AGA Institute statement on CT colonography study

October 05, 2007

Colorectal cancer is the second-leading cause of cancer deaths, affecting both men and women nearly equally and is one of the most preventable cancers. The American Gastroenterological Association (AGA) Institute supports clinically proven technologies that increase the number of patients screened for colon cancer.

The AGA Institute offers the following comments on the study by Kim et al., "CT Colonography Versus Colonoscopy for the Detection of Advanced Neoplasia," published in the Oct. 4, 2007, issue of the New England Journal of Medicine.

"This study expands our knowledge about computerized tomographic colonography (CTC), or virtual colonoscopy," said Robert Sandler, MD, MPH, AGAF, president-elect of the AGA Institute. "The AGA Institute welcomes research that will help to clarify the role CT colonography will play in the screening and detection of colorectal cancer and polyps, but many questions remain. This study by Kim and colleagues shows that CT colonography may be another tool in encouraging patients who have not already done so to get screened for colon cancer."

When a polyp is found during an optical colonoscopy, the physician can remove it immediately. In the study by Kim, diminutive polyps (<5 mm) were not deemed dangerous enough for removal. There are no long-term, adequately controlled studies that define whether leaving small polyps is safe. The AGA Institute recommends that all patients with diagnosed polyps, regardless of size, should be referred for optical colonoscopy.

"Fortunately, small polyps often aren't cancerous - but some are," said Don Rockey, MD, AGAF, chair of the AGA Institute Task Force on CT Colonography. "If patients are comfortable not having small polyps removed, then CTC might be the test for them. Those who want to have their polyps removed - all of them, not just the big ones - might choose optical colonoscopy. Since the natural history of small polyps is not fully understood, the AGA has asked the National Institutes of Health to pursue a study to establish the clinical significance of diminutive polyps (<5mm) using adequate controls and long term follow up. We clearly need data that provides physicians with information on the natural history of polyps and guidance on their management."

According to recommendations put forth in September by the AGA Institute Task Force on CT Colonography: Colon cancer screening rates in eligible populations remain low. The AGA Institute supports all clinically proven options for colon cancer screening and encourages patients to discuss them with their physicians.
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The AGA Institute will host a course on CT Colonography on March 7-8, 2008, in Washington, DC. To learn more about AGA Institute initiatives on CTC, please visit the AGA Web site at www.gastro.org.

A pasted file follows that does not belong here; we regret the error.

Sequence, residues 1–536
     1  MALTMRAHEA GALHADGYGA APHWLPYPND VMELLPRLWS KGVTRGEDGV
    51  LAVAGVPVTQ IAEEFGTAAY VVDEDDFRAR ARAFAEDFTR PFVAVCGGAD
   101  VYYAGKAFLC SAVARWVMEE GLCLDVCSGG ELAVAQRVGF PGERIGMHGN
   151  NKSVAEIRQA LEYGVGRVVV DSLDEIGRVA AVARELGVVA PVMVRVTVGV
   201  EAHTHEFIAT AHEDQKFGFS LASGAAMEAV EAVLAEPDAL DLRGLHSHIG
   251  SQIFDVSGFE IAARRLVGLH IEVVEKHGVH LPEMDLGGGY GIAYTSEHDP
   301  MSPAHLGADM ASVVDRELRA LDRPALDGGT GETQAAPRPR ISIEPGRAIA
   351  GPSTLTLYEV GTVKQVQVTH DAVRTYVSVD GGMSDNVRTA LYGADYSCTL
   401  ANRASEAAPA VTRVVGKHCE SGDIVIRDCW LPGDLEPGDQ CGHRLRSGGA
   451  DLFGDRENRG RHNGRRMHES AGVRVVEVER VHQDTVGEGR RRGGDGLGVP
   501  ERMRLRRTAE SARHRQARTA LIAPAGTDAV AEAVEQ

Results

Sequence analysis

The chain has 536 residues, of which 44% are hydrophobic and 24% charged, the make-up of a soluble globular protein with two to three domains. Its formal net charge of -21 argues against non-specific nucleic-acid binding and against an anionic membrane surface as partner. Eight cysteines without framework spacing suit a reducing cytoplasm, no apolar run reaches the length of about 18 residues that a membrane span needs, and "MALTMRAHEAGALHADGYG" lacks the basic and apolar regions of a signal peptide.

Guidelines from multiple agencies and professional societies, including the AGA Institute, underscore the importance of colorectal cancer screening for all individuals 50 years of age and older (younger for certain groups known to be at higher risk). The U.S. Preventive Services Task Force, the U.S. Multi-Specialty Task Force and others have published recommendations for screening for colorectal cancer, the second-leading cause of cancer deaths in the United States. Currently, recommended screening tests include colonoscopy, flexible sigmoidoscopy, barium enema and fecal occult blood tests. We look forward to the updated recommendations on screening for colorectal cancer from the U.S. Multi-Society Task Force and the U.S. Preventive Services Task Force in November.

About the AGA Institute

The American Gastroenterological Association (AGA) is dedicated to the mission of advancing the science and practice of gastroenterology. Founded in 1897, the AGA is one of the oldest medical-specialty societies in the United States. Comprised of two non-profit organizations--the AGA and the AGA Institute--our more than 16,000 members include physicians and scientists who research, diagnose and treat disorders of the gastrointestinal tract and liver. The AGA, a 501(c6) organization, administers all membership and public policy activities, while the AGA Institute, a 501(c3) organization, runs the organization's practice, research and educational programs. On a monthly basis, the AGA Institute publishes two highly respected journals, Gastroenterology and Clinical Gastroenterology and Hepatology. The organization's annual meeting is Digestive Disease Week®, which is held each May and is the largest international gathering of physicians, researchers and academics in the fields of gastroenterology, hepatology, endoscopy and gastrointestinal surgery. For more information, please visit www.gastro.org.

American Gastroenterological Association

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